Hellfire and Brimstone, 'A' Woman Scorned, But Little Fury

The Scarlet Letter by Phyllis Nagy

Adapted from the novel by Nathaniel Hawthorne 

Directed by Jeremy Johnson, Scenic Designer Janie Howland, Costume Designer Nicole Watson, Lighting Designer Russ Swift, Sound Designer/Original Music Composer Nathan Leigh, Production Stage Manager Steven R. Espach, The Scarlet Letter artwork by Emily Bawn 

CAST:  Mark Cartier as Master Brackett, Eve Kagan as Pearl, Walter Mantani as Roger Chillingworth, Dee Nelson as Hester Prynne, Dale Place as Governor Bellingham, Lisa Tucker as Mistress Hibbins, Victor Warren as Arthur Dimmesdale 

Performances through January 28, 2007 at Foothills Theatre Company Box Office 508-754-4018  or  www.foothillstheatre.com 

In an era when one out of two marriages end in divorce, when a large percentage of couples cohabitate before or instead of getting married, and many women are single mothers by choice, the story of a woman who is shunned by society for adultery and bearing a child out of wedlock represents a simpler, bygone time.  Published in 1850, The Scarlet Letter is perhaps not as compelling to an audience informed by today's mores and moral codes. 

This is the challenge in mounting a stage production of  Hawthorne's work and, in choosing the Phyllis Nagy adaptation, the Foothills has faltered in the attempt.  Nagy (she adapted The Talented Mr. Ripley for the screen) has been credited with imposing a contemporary twist in her telling of The Scarlet Letter while maintaining the timeless themes of guilt, sin, and redemption.  However, in using the device of the illegitimate child Pearl as narrator, she tells too much and shows too little.  It is unsettling to have Pearl appear first as a baby and later as a seven-year old, talking about the very adult behavior of her mother Hester Prynne and the "dark man in the woods."At the very least, the audience should develop some sympathy for Pearl for all that she has supposedly witnessed.  Yet, she garners little because she is, as described by  Hawthorne, "an imp of evil" who is outspoken and off-putting.  Kudos to Eve Kagan for her portrayal that was dripping with perversity.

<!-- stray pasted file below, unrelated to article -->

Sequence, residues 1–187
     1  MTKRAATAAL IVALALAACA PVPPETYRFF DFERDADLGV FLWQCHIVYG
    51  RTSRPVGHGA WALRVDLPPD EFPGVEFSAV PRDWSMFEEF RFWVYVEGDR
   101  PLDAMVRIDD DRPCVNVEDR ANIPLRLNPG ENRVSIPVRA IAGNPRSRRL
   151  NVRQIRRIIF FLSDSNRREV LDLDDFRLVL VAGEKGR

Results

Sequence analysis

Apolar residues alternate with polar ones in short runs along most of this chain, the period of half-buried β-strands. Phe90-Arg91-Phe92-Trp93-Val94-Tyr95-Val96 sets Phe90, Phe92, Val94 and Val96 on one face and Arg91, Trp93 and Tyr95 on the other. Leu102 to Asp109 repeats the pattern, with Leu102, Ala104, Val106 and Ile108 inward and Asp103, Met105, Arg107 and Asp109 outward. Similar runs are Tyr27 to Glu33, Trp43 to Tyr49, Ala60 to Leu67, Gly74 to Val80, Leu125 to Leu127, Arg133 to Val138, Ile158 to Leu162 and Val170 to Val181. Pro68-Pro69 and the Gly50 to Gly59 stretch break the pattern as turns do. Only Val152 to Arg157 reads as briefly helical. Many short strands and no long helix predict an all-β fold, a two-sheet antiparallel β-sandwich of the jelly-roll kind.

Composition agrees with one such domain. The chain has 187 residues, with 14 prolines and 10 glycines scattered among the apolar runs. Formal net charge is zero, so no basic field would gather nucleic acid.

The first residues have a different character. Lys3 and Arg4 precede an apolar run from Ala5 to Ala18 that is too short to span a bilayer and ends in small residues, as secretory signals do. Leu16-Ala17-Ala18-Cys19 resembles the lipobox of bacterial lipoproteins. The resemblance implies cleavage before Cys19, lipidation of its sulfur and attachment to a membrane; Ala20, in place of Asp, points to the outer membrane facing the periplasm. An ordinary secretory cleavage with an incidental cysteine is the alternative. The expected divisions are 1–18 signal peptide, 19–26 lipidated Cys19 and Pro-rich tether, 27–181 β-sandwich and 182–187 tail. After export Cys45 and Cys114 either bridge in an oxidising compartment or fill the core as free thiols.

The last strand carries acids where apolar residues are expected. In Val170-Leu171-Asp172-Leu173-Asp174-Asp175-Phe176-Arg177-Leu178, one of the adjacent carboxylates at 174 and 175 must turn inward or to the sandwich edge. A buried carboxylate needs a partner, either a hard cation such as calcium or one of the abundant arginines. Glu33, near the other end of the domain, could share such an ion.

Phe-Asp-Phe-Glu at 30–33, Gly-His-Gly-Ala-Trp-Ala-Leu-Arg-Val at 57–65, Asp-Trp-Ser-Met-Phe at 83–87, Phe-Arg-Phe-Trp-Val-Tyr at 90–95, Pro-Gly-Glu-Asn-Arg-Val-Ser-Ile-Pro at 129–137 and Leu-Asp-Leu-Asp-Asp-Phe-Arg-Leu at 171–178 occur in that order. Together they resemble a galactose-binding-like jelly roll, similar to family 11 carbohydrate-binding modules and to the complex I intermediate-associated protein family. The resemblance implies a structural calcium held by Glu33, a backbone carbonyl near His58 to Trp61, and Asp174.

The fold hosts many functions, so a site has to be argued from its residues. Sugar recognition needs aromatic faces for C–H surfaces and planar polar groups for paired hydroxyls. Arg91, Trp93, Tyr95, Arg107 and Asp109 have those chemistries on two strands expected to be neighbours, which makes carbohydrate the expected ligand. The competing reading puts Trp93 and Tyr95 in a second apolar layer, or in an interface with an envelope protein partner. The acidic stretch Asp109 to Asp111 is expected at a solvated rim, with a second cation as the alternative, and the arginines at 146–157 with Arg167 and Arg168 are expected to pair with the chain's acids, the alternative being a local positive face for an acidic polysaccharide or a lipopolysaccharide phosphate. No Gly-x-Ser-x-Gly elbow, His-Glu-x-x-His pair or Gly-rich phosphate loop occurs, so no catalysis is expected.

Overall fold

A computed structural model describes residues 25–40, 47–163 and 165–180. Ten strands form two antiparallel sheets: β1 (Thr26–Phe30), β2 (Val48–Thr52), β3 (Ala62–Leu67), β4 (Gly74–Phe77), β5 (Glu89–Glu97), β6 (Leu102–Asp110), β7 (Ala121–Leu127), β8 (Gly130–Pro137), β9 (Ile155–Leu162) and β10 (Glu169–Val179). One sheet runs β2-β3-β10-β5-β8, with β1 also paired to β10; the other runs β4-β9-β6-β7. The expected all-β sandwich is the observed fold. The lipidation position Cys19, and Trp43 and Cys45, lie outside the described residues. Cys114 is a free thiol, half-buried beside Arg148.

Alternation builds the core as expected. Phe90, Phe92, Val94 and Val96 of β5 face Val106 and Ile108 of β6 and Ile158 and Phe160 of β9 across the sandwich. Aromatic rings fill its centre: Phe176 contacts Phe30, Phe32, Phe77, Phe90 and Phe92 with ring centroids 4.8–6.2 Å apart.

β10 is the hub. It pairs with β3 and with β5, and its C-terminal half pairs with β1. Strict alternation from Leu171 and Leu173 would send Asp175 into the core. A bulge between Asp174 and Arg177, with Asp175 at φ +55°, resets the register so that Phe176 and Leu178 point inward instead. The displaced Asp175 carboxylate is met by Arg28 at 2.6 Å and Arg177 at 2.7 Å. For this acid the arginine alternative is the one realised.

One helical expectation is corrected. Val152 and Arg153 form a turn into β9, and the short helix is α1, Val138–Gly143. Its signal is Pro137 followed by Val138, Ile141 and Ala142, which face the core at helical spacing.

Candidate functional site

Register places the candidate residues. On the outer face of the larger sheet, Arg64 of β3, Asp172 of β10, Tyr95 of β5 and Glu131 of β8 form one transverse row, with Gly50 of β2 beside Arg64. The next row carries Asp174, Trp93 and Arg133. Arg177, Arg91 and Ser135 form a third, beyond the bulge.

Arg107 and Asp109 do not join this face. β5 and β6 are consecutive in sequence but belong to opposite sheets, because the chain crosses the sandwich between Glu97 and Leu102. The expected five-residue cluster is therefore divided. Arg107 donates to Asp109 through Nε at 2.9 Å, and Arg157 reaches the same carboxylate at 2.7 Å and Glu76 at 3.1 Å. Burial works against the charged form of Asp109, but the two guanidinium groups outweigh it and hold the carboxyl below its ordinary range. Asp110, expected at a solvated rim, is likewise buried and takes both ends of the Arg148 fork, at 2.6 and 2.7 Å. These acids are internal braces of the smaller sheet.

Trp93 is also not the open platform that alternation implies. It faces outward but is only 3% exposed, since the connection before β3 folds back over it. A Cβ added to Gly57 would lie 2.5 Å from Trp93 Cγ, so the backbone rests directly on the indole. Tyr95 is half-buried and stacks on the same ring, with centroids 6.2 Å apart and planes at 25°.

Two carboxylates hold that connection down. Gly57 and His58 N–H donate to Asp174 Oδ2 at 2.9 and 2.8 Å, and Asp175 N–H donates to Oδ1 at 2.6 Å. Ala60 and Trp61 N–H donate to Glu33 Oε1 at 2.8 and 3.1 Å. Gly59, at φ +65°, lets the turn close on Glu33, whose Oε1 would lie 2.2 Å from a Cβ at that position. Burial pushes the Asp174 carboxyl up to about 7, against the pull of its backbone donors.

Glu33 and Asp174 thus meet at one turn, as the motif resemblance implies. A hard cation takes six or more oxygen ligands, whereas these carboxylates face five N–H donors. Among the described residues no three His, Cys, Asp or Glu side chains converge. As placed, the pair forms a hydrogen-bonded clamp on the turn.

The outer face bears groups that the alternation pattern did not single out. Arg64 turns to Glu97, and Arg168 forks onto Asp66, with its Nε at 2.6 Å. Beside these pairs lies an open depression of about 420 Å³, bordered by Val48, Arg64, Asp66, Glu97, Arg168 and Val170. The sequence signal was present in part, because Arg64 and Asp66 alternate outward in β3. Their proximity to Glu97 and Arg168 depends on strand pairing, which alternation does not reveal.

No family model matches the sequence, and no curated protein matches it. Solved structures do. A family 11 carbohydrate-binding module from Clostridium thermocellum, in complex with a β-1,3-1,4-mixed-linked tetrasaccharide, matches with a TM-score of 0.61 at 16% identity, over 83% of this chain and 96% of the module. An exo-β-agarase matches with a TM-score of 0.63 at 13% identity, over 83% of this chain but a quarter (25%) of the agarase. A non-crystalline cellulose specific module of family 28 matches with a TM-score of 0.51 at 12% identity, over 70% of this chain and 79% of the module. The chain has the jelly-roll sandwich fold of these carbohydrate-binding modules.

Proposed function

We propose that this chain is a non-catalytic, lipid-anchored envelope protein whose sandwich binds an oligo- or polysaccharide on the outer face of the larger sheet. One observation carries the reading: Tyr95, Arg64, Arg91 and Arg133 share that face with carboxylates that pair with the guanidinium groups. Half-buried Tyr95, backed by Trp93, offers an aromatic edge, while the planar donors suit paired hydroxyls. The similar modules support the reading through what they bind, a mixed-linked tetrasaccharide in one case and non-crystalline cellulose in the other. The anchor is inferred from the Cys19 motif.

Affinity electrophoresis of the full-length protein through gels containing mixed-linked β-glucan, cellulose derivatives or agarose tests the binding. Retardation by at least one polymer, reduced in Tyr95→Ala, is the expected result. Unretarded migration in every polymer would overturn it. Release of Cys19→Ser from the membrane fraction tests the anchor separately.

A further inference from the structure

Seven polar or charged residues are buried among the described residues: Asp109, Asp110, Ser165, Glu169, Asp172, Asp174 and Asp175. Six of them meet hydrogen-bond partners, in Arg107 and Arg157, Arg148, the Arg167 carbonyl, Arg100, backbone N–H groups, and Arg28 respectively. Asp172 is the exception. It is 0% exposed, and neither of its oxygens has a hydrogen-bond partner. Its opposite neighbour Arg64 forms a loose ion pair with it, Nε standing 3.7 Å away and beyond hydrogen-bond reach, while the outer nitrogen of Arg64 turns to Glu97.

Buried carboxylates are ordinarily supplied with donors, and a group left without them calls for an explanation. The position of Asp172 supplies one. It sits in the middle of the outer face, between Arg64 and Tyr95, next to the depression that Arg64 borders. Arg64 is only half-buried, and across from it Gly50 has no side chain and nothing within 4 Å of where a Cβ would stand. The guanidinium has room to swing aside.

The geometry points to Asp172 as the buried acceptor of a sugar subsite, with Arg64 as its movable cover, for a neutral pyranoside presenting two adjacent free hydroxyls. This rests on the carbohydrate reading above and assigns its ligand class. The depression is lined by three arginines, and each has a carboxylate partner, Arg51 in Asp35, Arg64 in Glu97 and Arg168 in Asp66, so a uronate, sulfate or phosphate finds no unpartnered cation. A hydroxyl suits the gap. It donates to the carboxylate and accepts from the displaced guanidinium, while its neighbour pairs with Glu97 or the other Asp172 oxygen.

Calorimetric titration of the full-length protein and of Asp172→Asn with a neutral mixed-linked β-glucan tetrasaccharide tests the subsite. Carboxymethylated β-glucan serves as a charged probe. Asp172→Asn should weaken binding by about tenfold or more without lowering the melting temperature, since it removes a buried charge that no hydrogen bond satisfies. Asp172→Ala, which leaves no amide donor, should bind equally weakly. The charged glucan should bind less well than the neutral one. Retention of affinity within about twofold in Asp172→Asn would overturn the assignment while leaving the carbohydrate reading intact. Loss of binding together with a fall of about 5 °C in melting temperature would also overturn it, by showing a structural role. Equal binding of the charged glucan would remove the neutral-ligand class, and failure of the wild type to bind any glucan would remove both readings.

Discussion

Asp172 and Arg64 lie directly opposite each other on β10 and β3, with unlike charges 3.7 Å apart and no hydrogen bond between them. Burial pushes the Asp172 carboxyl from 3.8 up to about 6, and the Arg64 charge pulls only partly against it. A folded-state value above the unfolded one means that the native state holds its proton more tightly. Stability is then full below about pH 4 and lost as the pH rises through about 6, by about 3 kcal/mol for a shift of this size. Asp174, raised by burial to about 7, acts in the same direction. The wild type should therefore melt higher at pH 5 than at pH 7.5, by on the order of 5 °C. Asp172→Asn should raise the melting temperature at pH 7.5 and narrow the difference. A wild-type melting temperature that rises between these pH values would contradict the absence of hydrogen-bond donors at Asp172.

The story begins with Hester being publicly shamed for committing adultery and bearing her love child when her husband was presumed lost at sea.  Upon his return, she refuses to name the father and is punished by being forced to wear the scarlet "A" on her chest.  When her husband Roger Chillingworth discovers the identity of the father, he befriends the Reverend Arthur Dimmesdale in order to exact his revenge.  By posing as a doctor, Chillingworth "treats" the frail minister who seems to be suffering greatly for his sins.  

There is no shortage of guilt and sin among the players, but we are supposed to believe that Hester redeems herself by the end when all that is shown is that she makes a beautiful pair of gloves for the Governor.  Why is she seen as a great heroine of American literature?  Nagy fails to illustrate that point.  Dee Nelson tries to infuse the character with some strength, but it plays as resignation.  Perhaps it is due to the lack of redemption that the characters seem to be short of energy and hope, slogging through their dreary, puritanical existence.  In the audience, it felt like work to watch.  

While the set was stark, providing a visual metaphor for the cold reality of Hester's life, Nicole Watson's costuming was spot-on to give the feel of the seventeenth century.  Lights, sound, and music created additional effects to punctuate the storyline.  Moments of levity lightened the mood, but this is primarily a dark tale which could not be cured by lightning flashes and thunder claps.  A talented cast made a noble effort, but something was lost in the direction.  

 

 

 

 

 



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From This Author Nancy Grossman